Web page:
506-CARP

This weeks assignment was to develop an image for the proposed unit of instruction using the principles of contrast, alignment, repetition, and proximity. I think it is important to stress that these four¬† elements are great concepts to consider when developing an image for learning, however they do not all necessarily have to be used in every image. As a photography teacher I make it a point to teach my students to be aware and pay attention to design principles, but also to remember that they are only principles and not steadfast rules. Sometimes breaking these guidelines to make an impact-full image or photograph is worth the risk. My image this week was originally built on a black background which, as we all know, is problematic when designing text and graphics for readability. I felt as though it was successful and had impact even though it did not have 100% contrast. Some of the text required effort to make out, but that was part of the appeal of the image to me. Many of my peers commented on the readability issue and so I changed it…reluctantly.

You be the judge.

references:

Lohr, L. L. (2003). Creating graphics for learning and performance: Lessons in visual literacy. Prentice Hall Press

“Cloud” image source: http://tinyurl.com/66elr2b (Retrieved October 11, 2011)

Edtech 506 – Design Process

The work this week centered around a design model labelled ACE (Analyze, Create, Evaluate) and included the PAT concept (Principles, Actions, and Tools). I found this material timely in that I was also currently working on an assignment in Edtech 506 that required the development of several images that where metaphorical representations of the concepts described in a series of slides. I was also delivering a unit of instruction in a Language Arts class that required the students to find or create images that represented various elements of a short story. Both of these assignments require students to make visual connections between concepts; a process called synectics (Lohr, 2008) as described in the text as “…a set of strategies used to stimulate and enhance creative thought” (Gordon, 1961). Coming up with the ideas for a graphic for learning is, for me the hardest part and using the strategies outlined in the text offered a great starting point for this weeks assignment in 505 and 506. Using metaphor to increase meaning and impact has always been an approach I have used and encourage my students to use.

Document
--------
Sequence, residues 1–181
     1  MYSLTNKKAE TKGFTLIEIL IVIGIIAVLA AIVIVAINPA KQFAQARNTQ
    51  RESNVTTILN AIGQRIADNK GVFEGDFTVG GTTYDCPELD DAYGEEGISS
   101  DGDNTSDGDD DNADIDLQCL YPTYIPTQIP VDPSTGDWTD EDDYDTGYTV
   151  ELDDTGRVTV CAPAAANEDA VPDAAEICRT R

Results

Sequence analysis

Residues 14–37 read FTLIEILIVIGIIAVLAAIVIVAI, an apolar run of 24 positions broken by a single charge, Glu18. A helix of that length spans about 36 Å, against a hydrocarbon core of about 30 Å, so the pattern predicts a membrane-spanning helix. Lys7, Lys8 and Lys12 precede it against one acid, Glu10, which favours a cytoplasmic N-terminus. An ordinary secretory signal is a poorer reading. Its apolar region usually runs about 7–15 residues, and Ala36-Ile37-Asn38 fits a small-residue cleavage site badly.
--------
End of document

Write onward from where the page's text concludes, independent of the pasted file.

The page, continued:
“Juliet is the sun” Three words that tells us everything we need to know about Romeo’s feelings toward Juliet.

The ACE model is an instructional design model for developing graphics for learning. When the designer is faced with the task of creating a graphic for learning one must analyze by identifying its instructional function, content classification, and consider the type of approach (artistic or heuristic) (Lohr, 2008) It is in the create phase that the designer generates ideas and works with in the PAT model as described above. After completion the graphic is evaluated by assessing its effectiveness, efficiency and appeal.

I have found that It is through the class discussion forum that the graphic can be evaluated much more effectively than through self assessment or even having a colleague look at it. As an artist it can be difficult to objectively evaluate your own work. One gets too close to their creation to see how it can be improved.

Another connection with this weeks material is the relationship between the ADDIE model of Instructional Design and the ACE model for the development of graphics or even strategies for instruction.  Within the design and development phase of instructional design is where a designer can apply the ACE model.

 

References:

Gordon, W.J.(1961) Synectics. New York: Harper & Row.

Lohr, L. L. (2008). Creating graphics for learning and performance: Lessons in visual literacy. Prentice Hall Press

 

Edtech 505 Post #2

Over the course of this past week in Edtech 505 much of the content has centered around data. We have looked at methods for collecting and analyzing data and how this all fits in to the planning of an evaluation. I have never had much success with numbers, however the explanation in the text has helped to demystify the process of analyzing data. It is interesting to consider how the same results can yield different interpretations based on the technique used to analyze the data. An evaluator can choose a method to look at the numbers based on the intention of the question. It has become obvious to me over the past week that one must consider the techniques used to gather information very carefully based on the particular evaluation model one chooses to use. It has also become clear that the various evaluation models are, in many ways, techniques used by teachers all the time. It is helpful, however to identify the characteristics of each mode in order to accurately use the benefits of each in the development of an evaluation. This week also helped to solidify for me the differences between research and evaluation.